“Residing in a community that is contaminated by mine waste radioactivity is not easy for the people of Thulani Snake Park, as this causes health hazards and endangers our livelihoods. People around the area are now making a living as waste pickers to survive” says community member and activist Thokozile Mntambo.
Picking up waste has allowed the community to make money from recycling, thereby ensuring that they can pay for electricity, paraffin and food.
Waste picking is not covered by any type of legislation or policy, and waste management policies in South Africa cover only the formal waste sector.
“It is hard for women waste pickers as they need to wake up early and walk long distance pushing a trolley to get items like metal scrap and plastic bottles for recycling” says Mntambo. In the suburban areas’ women waste pickers get labelled with derogatory names such as “bomalala pipes” while security guards also chase them away from picking up waste.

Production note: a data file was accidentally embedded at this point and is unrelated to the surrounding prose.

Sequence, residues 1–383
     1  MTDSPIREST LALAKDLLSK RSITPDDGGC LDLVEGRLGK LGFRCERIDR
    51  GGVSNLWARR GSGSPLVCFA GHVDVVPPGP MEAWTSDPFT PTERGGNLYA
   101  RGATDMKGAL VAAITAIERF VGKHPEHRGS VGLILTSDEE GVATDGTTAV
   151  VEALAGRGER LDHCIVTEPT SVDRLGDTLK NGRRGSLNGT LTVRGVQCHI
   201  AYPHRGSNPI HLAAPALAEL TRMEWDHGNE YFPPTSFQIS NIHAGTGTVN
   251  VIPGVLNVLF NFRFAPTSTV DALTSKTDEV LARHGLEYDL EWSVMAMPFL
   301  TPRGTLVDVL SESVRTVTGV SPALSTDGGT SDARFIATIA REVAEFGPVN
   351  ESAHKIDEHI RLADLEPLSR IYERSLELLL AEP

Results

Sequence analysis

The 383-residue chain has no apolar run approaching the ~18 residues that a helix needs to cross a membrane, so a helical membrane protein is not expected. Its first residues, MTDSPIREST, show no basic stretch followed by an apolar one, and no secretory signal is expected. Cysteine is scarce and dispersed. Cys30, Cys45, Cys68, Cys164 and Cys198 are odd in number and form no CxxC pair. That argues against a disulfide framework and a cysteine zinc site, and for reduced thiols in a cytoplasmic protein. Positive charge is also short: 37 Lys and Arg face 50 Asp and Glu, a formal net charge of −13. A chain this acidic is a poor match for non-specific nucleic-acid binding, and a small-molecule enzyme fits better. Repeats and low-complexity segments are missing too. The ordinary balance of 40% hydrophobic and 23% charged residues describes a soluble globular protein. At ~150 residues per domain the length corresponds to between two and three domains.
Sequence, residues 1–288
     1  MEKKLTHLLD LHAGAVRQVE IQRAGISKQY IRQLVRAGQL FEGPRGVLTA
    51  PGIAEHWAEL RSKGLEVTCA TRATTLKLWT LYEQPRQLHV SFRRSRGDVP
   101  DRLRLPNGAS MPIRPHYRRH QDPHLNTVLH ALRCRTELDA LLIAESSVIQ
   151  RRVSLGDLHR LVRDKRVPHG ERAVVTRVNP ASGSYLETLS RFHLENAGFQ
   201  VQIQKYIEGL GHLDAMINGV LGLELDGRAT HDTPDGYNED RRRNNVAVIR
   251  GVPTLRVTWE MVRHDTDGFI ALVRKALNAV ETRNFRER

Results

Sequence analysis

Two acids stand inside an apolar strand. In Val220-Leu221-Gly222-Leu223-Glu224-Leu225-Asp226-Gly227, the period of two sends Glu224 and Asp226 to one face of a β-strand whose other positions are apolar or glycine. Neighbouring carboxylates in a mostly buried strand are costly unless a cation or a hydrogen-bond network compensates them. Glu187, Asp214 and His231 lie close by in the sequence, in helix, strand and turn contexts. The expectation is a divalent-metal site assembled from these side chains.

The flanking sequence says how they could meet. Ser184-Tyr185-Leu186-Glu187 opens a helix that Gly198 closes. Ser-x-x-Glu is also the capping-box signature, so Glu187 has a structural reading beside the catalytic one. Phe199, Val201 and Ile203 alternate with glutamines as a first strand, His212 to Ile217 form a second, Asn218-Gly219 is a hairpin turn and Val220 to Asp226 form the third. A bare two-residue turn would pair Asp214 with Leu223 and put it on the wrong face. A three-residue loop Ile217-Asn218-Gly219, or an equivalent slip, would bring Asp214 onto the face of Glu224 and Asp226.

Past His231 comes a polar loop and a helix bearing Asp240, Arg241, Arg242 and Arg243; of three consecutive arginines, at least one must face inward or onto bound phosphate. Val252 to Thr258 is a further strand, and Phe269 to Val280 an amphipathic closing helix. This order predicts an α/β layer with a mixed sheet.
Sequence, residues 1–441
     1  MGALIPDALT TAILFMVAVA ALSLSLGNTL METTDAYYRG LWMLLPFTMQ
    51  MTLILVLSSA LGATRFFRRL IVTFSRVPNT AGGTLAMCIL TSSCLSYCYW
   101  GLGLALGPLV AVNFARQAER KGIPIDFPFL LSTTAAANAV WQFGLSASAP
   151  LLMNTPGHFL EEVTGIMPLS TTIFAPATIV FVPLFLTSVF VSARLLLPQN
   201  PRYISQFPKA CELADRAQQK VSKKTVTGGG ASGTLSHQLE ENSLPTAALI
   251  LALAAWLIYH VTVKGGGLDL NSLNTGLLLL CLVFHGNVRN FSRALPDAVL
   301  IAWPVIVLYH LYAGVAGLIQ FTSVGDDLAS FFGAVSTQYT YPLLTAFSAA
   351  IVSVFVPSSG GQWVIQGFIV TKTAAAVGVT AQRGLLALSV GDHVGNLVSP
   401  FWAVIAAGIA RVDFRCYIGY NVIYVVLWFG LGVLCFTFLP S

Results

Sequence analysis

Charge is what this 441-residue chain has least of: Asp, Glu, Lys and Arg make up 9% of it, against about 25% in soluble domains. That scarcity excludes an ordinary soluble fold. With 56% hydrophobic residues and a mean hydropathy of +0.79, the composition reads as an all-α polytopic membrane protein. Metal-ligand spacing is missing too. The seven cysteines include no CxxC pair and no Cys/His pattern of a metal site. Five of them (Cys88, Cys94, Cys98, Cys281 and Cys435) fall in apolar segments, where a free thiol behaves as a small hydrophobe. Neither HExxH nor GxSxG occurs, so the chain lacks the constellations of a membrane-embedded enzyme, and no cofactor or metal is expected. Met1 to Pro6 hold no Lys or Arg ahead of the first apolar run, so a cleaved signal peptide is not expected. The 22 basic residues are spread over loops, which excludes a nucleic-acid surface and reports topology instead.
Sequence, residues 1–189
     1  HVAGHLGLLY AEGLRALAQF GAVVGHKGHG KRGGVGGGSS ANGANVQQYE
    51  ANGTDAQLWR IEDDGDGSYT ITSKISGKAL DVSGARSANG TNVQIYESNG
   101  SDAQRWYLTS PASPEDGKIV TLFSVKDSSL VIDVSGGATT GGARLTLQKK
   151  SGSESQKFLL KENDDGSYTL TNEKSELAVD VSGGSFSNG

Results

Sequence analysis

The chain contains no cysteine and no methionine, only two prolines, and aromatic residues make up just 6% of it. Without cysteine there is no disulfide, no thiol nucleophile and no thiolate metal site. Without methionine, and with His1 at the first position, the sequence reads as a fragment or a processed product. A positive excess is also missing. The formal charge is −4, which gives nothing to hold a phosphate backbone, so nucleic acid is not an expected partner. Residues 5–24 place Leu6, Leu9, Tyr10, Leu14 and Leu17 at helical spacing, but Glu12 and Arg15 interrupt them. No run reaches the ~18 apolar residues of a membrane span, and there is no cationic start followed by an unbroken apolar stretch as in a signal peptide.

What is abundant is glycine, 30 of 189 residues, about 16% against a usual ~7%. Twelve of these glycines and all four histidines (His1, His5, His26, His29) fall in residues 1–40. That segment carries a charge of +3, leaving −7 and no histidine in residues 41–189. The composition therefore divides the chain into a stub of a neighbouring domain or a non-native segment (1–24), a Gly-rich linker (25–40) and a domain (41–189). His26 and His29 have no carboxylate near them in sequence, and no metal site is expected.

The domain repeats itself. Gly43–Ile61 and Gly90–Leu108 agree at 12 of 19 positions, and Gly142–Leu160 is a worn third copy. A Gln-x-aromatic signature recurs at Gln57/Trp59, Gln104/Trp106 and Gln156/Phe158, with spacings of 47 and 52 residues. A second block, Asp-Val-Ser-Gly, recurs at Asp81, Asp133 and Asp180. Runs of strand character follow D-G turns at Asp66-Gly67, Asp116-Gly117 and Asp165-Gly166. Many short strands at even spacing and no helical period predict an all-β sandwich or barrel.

“Waste pickers also do not get enough money from waste collection because the scrap yard does not pay much, especially when the scale is small,” continued Mntambo.
A 2017 report by Department of Science and Technology through the National Research Foundation’s Centre of Excellence in Food Security found that on average waste pickers made between R290 to R 770 a week from the waste they collect.
In Thulani Snake Park, some of the waste pickers are drug addicts, who use the returns from selling scrap metal to feed their addiction. This contributes to the dangers faced by women waste pickers who are exposed to intimidation by these addicts.
“The Thulani Snake Park community is calling on government to formulate policies that will ensure that they are recognisedas an informal sector,and to stop the municipality from privatising the waste picking sector,” concludes Mntambo
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